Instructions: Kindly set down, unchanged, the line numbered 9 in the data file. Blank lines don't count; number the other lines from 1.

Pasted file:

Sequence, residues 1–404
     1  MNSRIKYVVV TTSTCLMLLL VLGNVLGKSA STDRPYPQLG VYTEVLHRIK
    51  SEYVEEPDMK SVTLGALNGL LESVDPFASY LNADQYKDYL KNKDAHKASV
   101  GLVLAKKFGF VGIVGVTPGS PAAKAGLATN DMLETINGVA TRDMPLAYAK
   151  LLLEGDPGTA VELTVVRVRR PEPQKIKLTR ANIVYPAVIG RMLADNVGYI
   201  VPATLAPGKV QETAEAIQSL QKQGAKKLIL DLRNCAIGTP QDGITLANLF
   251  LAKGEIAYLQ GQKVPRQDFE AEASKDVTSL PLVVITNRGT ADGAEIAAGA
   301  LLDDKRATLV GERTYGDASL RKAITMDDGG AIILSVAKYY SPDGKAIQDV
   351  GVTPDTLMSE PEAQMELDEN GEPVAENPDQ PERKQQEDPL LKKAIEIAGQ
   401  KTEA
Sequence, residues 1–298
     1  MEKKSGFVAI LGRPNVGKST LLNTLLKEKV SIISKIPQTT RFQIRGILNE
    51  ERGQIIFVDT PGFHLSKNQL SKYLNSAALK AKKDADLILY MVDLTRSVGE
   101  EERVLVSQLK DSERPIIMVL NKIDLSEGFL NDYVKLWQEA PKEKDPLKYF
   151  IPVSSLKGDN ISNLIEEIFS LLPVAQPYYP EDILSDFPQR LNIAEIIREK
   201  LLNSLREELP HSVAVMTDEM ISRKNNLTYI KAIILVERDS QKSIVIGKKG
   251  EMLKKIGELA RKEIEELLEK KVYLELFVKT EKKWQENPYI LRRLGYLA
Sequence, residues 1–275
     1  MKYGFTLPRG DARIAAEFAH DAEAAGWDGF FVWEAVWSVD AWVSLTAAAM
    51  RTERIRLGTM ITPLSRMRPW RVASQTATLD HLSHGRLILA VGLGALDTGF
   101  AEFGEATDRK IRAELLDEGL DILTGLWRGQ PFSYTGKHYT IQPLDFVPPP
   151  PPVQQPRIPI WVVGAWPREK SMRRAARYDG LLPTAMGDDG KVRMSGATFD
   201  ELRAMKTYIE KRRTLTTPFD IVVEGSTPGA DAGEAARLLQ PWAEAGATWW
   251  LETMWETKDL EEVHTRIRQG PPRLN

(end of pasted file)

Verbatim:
   351  GVTPDTLMSE PEAQMELDEN GEPVAENPDQ PERKQQEDPL LKKAIEIAGQ